But what else did Peter Pace say? He said that adultery is immoral as well. And yet I don’t see adulterers asking for an apology. Because they know adultery is immoral. And yet both acts of immorality are condemned in Scripture! So if Peter Pace is using Biblical reasoning in his stand, which appears to be the case, he does very well to bring out the fact that we are not singling out homosexuality, but all kinds of immorality.
I received a question about homosexuality and the Bible a while back. I’m going to replay that post for you now, because it finishes my thoughts on how Christians should react to homosexuals.
I saw your email on a Christian site that talked about homosexuality issues and
so I wonder what your thoughts are on same sex romantic love are and if you
think this is a sin, where are we told this in the bible?
As far as ‘same sex romantic love’ goes, yes, I do believe it is a sin. Let me be clear, homosexual actions of any kind are sinful, romantic or casual. The standard rant from the other side is going to be that I am a homophobe.
I have many phobias, I’m very ‘Monkish‘ in that respect. Snakes scare me. As a matter of fact, most reptiles drive me nuts. Birds also scare me. But homosexuals don’t scare me. Murderers scare me. Adulterous women scare me. But not homosexuals. In fact, I have known some very pleasant gays and lesbians who would work side by side with me on the jobsite. One co-worker remarked to me how nice it was to be around a Christian who was nice to her. She went on to describe some of the injustices that Christians had committed against her, from lying about her job performance behind her back to open hostility towards her. I responded, ” You know I don’t agree with your lifestyle, and I believe that it is a sin. But that doesn’t mean I can’t love you and try convince you of the truth of the Gospel.” She responded, something to the effect of, “If you were the only Christian I knew, I would consider leaving my lifestyle and attending church. But I’ve been mistreated by too many Christians.”
She knew I thought she was living in sin. I didn’t avoid the issue when it came up. And yet when I would treat her with the respect that we have been taught by Christ that each and every one should expect from His followers, she knew that it was her sin that I disliked and not herself.
That homosexuality is said to be sin in the Bible is very clear.
Therefore God gave them up in the lusts of their hearts to impurity, to the
dishonoring of their bodies among themselves, because they exchanged the truth
about God for a lie and worshiped and served the creature rather than the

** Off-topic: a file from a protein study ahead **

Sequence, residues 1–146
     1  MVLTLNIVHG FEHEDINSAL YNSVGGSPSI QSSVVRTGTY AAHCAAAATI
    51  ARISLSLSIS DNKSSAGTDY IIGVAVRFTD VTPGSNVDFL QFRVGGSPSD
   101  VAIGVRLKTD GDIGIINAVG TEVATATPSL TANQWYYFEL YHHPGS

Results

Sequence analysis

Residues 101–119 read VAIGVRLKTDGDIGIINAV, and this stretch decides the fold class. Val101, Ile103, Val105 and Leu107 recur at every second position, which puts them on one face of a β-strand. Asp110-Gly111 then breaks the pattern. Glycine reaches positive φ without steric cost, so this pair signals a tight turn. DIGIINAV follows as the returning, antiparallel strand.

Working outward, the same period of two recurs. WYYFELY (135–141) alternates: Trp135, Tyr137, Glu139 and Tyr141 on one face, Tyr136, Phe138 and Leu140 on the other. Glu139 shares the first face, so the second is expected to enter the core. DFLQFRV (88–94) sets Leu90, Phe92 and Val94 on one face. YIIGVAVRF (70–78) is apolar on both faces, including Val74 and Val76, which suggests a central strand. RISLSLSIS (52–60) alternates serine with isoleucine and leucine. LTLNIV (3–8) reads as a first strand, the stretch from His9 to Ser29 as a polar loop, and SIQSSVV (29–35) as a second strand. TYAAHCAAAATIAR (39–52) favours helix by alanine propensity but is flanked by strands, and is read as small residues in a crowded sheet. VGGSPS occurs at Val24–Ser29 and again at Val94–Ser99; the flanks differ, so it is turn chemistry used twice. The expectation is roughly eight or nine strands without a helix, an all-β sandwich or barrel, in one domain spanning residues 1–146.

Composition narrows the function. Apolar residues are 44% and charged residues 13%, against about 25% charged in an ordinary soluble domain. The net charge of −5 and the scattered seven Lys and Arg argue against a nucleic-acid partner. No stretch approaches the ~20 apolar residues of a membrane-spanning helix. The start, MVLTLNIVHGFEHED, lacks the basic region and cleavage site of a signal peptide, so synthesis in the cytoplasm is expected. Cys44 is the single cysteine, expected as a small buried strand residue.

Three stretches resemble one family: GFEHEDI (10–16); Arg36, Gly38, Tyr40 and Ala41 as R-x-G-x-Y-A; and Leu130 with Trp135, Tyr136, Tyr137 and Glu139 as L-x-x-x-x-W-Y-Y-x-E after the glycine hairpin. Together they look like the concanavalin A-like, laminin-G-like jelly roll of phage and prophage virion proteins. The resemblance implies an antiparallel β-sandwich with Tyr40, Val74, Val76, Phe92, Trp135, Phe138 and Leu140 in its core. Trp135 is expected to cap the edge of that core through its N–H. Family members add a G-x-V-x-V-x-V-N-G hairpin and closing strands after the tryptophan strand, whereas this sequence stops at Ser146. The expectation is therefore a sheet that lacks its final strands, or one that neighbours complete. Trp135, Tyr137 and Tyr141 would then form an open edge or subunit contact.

Creator, who is blessed forever! Amen. For this reason God gave them up to
dishonorable passions. For their women exchanged natural relations for those
that are contrary to nature; and the men likewise gave up natural relations with
women and were consumed with passion for one another, men committing shameless acts with men and receiving in themselves the due penalty for their error. And since they did not see fit to acknowledge God, God gave them up to a debased
mind to do what ought not to be done. They were filled with all manner of
unrighteousness, evil, covetousness, malice. They are full of envy, murder,
strife, deceit, maliciousness. They are gossips, slanderers, haters of God,
insolent, haughty, boastful, inventors of evil, disobedient to parents, foolish,
faithless, heartless, ruthless. Though they know God’s decree that those who
practice such things deserve to die, they not only do them but give approval to
those who practice them. (Rom 1:24-32)
There are a couple of things to point out here. First, that homosexuality is not the only sin that will condemn people to hell. Covetousness, envy, gossip, disobedience, and foolishness are also included in this list of sins that the Apostle says deserve death.Second, that homosexuality is not the unpardonable sin.
Do you not know that the unrighteous will not inherit the kingdom of God? Do not
be deceived: neither the sexually immoral, nor idolaters, nor adulterers, nor
men who practice homosexuality, nor thieves, nor the greedy, nor drunkards, nor
revilers, nor swindlers will inherit the kingdom of God. And such were some of
you. But you were washed, you were sanctified, you were justified in the name of
the Lord Jesus Christ and by the Spirit of our God. (1Co 6:9-11)
The same Apostle Paul now tells us again that those who practice sin, homosexuality and greediness both included, will not inherit the Kingdom of God. But he goes on to say to the Corinthian believers, “And such were some of you.” These Christians that Paul was writing to had formerly been sexually immoral, idolaters, adulterers, homosexuals, thieves, greedy, drunkards, revilers, and swindlers but now they were not. There is hope for all who sin. That hope is in the death of Christ.
Christ’s death cleanses, sanctifies, and justifies sinners. Sins are forgiven, repentance is granted, and righteousness is given by Christ for all who will come to Him. This includes the disobedient child and the homosexual.This, of course, is not an exhaustive treatment of the issues of homosexuality. I will leave that to better people than myself. But that homosexuality is a sin is stated clearly in Scripture. And equally as clear is the truth of the Gospel that can save homosexuals.